Session 1 – November 18, 2005
About the Speaker
Leslie Opp-Beckman is a Senior Instructor in the MA Language Teaching Specialization program for the Linguistics Department at the University of Oregon. She also develops online training, teaches courses, and acts as Technology Coordinator for the American English Institute.
This is the first session in 2005-06 in the10-part professional development series for English as a Foreign Language (EFL) educators in Thailand. University of Oregon is partnering with the US Embassy in Bangkok, the Royal Thai Distance Learning Foundation, the Ministry of Education, colleagues at Chulalongkorn University, and at ThaiTESOL on this innovative and exciting project.
- What steps can I take to use Project-Based Learning (PBL) in my own classes?
- How long will it take my students to do a project?
- What will the finished project look like?
- How can I assess PBL activities?
Following are some recommended pedagogical and practical resources for this topic.
- Implementing Project-Based Instruction, from NW Regional Education Lab (NWREL).
Abstract: There is no one correct way to implement a project, but this site offers some things to consider when designing effective projects. You can acquire this set of articles at no cost from NWREL (text-only and PDF formats), or as a PDF from this UO-Thai site.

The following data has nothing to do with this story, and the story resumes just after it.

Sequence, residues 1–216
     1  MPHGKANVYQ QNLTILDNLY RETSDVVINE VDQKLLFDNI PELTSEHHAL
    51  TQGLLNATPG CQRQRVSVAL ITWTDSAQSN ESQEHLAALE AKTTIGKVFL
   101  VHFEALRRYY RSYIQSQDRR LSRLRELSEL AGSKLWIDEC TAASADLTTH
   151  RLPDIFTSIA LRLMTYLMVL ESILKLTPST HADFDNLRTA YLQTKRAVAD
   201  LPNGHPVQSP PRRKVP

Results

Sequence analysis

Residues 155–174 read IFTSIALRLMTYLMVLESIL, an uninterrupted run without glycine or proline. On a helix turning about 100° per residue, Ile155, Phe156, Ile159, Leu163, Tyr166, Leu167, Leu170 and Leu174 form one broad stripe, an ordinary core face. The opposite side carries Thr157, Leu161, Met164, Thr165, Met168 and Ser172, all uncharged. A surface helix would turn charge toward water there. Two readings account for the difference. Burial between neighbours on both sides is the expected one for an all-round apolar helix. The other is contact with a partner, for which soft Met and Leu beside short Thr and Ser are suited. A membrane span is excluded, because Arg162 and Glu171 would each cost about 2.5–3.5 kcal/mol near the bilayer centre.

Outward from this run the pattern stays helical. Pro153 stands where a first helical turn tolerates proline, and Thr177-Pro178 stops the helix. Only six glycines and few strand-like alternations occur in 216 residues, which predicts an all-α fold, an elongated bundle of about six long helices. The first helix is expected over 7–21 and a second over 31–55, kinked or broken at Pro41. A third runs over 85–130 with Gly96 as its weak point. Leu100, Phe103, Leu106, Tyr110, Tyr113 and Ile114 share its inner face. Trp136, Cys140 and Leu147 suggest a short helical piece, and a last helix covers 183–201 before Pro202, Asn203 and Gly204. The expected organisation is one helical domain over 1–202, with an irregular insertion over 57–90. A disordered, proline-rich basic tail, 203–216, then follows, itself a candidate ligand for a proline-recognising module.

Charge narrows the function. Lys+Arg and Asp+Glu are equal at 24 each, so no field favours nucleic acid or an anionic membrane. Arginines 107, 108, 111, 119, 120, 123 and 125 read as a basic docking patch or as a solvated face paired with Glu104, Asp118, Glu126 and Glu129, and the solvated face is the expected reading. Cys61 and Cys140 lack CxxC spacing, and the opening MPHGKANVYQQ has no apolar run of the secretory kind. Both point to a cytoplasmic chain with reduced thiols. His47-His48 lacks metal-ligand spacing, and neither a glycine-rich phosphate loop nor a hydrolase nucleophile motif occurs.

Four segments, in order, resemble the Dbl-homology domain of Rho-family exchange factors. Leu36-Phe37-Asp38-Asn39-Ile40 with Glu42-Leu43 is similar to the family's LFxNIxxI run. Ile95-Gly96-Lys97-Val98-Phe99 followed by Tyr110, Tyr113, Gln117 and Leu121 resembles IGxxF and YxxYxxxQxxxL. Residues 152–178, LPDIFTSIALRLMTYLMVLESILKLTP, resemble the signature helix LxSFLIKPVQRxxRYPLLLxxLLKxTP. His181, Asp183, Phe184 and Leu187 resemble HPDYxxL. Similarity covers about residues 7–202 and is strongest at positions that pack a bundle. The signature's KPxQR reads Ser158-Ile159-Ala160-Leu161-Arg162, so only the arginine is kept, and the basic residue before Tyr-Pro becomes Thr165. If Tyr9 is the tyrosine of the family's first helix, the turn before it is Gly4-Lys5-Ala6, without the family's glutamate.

- Project Based Learning and Checklists
An overview of PBL. Plus, age-appropriate, customizable project checklists for written reports, multimedia projects, oral presentations, and science projects. The use of these checklists keeps students on track and allows them to take responsibility for their own learning through peer- and self-evaluation.
Post-Lecture Classroom Applications
The following is a suggested follow up activity (or “homework”).
We will begin this process during the videoconference session. You can complete it afterwards. Work with a colleague in your school or region if possible.
Bring the following information to our next session, so that we can use it to move on to the next steps.
Identify the class that you will use in your work with PBL as part of this course. Provide as many details as possible (number and age of students, hours per week that you meet, language level, student interests, themes and activities already in your curriculum).
Choose one of the following three project types to try in your class(es). You can go through the project process at the same time as we go through this series, or you can wait and do it afterwards. Your students can work individually, in pairs, or in groups.
- Reports: e.g. in notebook or folder format.
- Displays: e.g. in bulletin board, poster, or photographic format.
- Dramatization (performance): e.g. in the form of a skit, play, or interpretive music.
How much time is available for project work? Is it something you can do during class, or will it be an after-school project of some kind?
What topic(s) or theme(s) from your curriculum will you use as a focus area?
List the resources that your students might need in order to complete the projects. Which resources do you already have? Which resources do you need?